I must admit that my zeal for testing apps has waned after I limited my phone usage to certain must-have apps but every once in a while, deals show up in Google Play and that is when my inner Kenyan screams out loud because I love free stuff. Free quality stuff. That aside, I have played with a couple of temporarily free apps for the better part of the day. You can check them out too.
‘App development 101: Dear developer, if you want to sell your app, make sure it has ‘Pro’ on its name.’
Here is the thing: gifs (people will judge how you pronounce ‘gif’ because that’s what people do – look for an opportunity to make themselves feel better about everything, so, get used to it) are a thing now. They are all over our social media pages; you can reply to a tweet/Facebook post/ or Telegram/WhatsApp message with one, and that’s good. Some apps like Instagram allow users to make gifs from short videos, although I have always found them distasteful because the picture-sharing app downsizes their quality into a grainy mess.
That is where GIF Partypro comes in. You can make one or a collage of up to 4 gifs, slow or speed them up, save them as a video or gif file, and lastly, share your creations to your social media feeds. All you have to do is trust your duck-making face, and explore the world of gifs.
The app has a price tag on it, but it is free for now because Lacazette scored. On the other hand, you could skip on it and use the always-free Motion Stills app from Google that functionally does the same thing as we discussed here.
There is no shortage of photo editing apps out there. While most of them get the job done, their functionalities are limited to a few tweaks, like changing white balance, contrast and warmth. Other apps have gained popularity by bringing a bunch of cool filters to the table. Remember Prisma that got so popular because we love ourselves so much to share our self-portraits untouched? Sketch Me! Pro does the same thing, but its filters are in form of cartoons, drawings or sketchy images. The app has different effects such as pencil sketch, among others, and the beauty of all these features is that it will not force you to create an account. Tap to open it and start editing.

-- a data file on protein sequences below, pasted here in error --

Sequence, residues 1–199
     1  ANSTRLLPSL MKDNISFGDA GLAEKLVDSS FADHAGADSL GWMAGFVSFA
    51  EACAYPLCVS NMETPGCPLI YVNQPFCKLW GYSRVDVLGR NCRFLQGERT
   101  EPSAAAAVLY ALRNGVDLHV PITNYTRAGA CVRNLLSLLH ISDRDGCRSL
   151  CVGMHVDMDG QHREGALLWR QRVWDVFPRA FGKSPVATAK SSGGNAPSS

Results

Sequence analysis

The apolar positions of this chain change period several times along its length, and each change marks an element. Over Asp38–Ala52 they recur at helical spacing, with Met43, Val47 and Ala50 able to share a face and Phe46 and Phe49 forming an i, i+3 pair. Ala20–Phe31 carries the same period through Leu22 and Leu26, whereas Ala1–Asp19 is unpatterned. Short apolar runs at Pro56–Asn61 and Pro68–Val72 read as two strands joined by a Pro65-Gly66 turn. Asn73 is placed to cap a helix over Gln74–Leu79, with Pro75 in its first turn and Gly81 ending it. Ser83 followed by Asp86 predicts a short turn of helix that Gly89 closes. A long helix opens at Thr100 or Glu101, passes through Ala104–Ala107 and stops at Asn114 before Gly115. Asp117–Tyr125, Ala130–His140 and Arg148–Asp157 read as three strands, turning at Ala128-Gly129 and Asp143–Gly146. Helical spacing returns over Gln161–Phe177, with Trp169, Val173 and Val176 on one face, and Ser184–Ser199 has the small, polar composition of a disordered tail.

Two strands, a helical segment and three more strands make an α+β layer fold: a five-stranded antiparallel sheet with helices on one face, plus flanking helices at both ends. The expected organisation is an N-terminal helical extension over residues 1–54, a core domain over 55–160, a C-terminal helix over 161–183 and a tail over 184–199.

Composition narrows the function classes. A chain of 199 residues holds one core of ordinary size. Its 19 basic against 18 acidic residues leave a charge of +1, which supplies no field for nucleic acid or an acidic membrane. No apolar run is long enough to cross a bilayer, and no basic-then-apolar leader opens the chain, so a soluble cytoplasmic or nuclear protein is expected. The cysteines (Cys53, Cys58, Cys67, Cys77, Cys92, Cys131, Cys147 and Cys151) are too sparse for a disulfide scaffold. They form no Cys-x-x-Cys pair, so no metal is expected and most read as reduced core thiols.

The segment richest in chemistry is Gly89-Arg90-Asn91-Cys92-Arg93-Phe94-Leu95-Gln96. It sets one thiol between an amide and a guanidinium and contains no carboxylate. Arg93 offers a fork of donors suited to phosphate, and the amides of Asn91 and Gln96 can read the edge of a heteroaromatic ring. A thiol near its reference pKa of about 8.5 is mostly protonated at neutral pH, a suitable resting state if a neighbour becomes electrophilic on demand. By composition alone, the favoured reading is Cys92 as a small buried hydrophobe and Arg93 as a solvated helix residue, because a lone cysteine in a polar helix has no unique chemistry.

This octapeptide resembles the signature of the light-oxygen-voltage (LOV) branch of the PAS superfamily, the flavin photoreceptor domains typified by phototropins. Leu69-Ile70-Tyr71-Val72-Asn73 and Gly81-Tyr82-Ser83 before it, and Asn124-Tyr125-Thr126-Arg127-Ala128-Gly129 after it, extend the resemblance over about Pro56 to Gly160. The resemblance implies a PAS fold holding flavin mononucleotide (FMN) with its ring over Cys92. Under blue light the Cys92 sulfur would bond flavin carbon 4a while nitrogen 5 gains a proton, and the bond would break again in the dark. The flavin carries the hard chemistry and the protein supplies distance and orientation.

This app does what its name suggests, which is to watermark photos with text or logos. You can play around with fonts and font colours. Also, it can process multiple apps in batch mode.
Another day, another free photography app. As you might have guessed, this is a black and white camera replacement app. While I would say it reduces the number of steps a user has to take to convert pictures into B&W, several social media apps for which people always share edited images have some form of black and white filters to render the applicability of this app useless. Anyway, the app is for free if its features are a welcome addition for some users.
This is a cool app for people who are learning the Queen’s language, especially school-going kids. Its interface is very simple, with big texts and iconography. I love the study mode, where each English word is combined with a picture. Since it is a paid app, there is vocalization and transcription for proper pronunciation, a feature that is always missing in many free dictionary apps.